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The University of Hong Kong has developed a new material driven by light-nickel hydroxide

wallpapers Tech 2020-08-11
The research team of the University of Hong Kong has developed a new material "nickel hydroxide" that can be driven by relatively low-intensity visible light and can be used in robots, human assistance devices, and medical devices.

According to the University of Hong Kong, among various materials, materials that can be driven by light are of great help to wireless robots. However, there were not many light-driven materials in the past, and even if they were available, the production cost was high. It was difficult to apply them in robots, artificial muscles in human assist devices, minimally invasive surgery, and diagnostic tools.
This research was led by Yan Qingyun, Chair Professor of Materials Science and Engineering in the Department of Mechanical Engineering, School of Engineering, Hong Kong University. The "nickel hydroxide" they developed can be driven by visible light and electricity in daily life. This new material only needs relatively low-intensity visible light drive to generate the force and speed equivalent to mammalian skeletal muscles. The production cost of this material is low, only 4 Hong Kong dollars per square centimeter.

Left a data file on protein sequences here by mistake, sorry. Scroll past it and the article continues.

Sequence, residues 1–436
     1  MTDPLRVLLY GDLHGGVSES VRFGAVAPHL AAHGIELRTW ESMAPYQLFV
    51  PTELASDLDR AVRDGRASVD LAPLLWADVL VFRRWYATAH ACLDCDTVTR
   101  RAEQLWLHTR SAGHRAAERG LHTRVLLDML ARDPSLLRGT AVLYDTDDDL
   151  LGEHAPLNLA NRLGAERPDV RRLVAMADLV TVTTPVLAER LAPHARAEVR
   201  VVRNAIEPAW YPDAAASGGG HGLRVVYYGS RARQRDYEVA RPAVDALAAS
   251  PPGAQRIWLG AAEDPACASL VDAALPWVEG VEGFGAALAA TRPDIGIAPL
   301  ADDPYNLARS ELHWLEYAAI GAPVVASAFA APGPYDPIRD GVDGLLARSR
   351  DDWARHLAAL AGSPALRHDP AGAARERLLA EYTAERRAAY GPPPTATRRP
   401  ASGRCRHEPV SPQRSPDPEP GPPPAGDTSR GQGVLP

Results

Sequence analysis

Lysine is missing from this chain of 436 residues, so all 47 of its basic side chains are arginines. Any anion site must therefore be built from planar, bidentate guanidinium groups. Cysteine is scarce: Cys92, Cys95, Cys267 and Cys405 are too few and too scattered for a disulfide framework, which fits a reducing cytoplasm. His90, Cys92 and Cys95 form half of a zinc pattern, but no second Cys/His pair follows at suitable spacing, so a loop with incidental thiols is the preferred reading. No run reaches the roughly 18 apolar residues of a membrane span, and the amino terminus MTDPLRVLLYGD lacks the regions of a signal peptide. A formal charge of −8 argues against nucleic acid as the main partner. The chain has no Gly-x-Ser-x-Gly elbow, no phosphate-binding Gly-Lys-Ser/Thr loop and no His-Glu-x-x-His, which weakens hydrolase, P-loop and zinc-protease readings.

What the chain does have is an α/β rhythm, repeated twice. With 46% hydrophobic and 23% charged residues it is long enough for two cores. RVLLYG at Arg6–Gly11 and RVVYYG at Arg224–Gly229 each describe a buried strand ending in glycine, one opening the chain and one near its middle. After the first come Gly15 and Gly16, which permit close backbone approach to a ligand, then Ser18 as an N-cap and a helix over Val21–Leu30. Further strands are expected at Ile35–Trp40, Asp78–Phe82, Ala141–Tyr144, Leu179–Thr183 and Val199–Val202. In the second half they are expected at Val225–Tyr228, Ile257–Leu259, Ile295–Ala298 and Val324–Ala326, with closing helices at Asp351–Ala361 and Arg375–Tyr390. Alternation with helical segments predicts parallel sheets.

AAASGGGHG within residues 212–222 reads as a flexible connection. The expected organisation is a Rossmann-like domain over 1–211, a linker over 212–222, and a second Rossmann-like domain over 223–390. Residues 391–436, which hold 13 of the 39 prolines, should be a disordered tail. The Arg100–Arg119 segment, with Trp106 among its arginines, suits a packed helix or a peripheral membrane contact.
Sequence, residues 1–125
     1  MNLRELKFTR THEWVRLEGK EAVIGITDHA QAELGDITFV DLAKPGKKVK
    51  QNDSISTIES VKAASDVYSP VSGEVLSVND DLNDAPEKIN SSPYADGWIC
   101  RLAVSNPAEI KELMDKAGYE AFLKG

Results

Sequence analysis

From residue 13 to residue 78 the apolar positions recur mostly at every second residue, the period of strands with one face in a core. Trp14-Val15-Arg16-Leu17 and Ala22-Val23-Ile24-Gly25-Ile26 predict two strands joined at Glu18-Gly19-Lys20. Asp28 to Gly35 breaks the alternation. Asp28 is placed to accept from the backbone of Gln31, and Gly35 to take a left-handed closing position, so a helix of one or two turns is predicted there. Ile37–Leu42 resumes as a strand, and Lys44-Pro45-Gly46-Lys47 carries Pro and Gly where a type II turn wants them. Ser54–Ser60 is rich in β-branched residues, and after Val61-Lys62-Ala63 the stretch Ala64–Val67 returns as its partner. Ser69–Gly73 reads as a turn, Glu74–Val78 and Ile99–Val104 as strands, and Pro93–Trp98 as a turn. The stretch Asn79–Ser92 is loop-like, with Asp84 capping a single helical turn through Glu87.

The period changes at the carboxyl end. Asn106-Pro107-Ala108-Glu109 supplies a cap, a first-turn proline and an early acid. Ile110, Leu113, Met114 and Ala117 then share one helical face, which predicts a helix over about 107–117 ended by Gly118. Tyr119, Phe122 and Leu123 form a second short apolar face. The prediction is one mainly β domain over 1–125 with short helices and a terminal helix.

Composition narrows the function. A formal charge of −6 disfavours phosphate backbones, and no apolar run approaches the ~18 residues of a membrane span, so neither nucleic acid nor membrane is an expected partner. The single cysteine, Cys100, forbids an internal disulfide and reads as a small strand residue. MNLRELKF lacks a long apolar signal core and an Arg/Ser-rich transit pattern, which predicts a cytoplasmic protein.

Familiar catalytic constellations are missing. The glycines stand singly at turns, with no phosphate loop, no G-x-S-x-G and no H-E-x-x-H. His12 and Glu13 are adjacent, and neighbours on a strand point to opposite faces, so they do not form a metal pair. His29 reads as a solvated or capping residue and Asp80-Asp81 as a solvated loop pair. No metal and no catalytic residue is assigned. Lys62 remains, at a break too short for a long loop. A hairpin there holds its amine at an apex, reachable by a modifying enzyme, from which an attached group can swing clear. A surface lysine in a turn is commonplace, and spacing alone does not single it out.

The researchers said that "nickel hydroxide" reacts to light almost in real-time and generates a force equal to about 3000 times its weight. Through excellent structural design, the "mini arm" made of "nickel hydroxide" can easily lift objects equal to 50 times its weight. "Nickel hydroxide" will have the opportunity to be used in the future development of micro-robots and disaster relief.

The University of Hong Kong stated that from a scientific point of view, the "nickel hydroxide" driving material is a system that can be driven directly by visible light or electricity without complicated manufacturing procedures. It also opens up a new light driving behavior for "hydroxide" materials—a whole new field of research.

Trunnano is one of the world's largest producers of nickel hydroxide nanomaterials. If you are interested, you can contact Dr. Leo by email: brad@ihpa.net.

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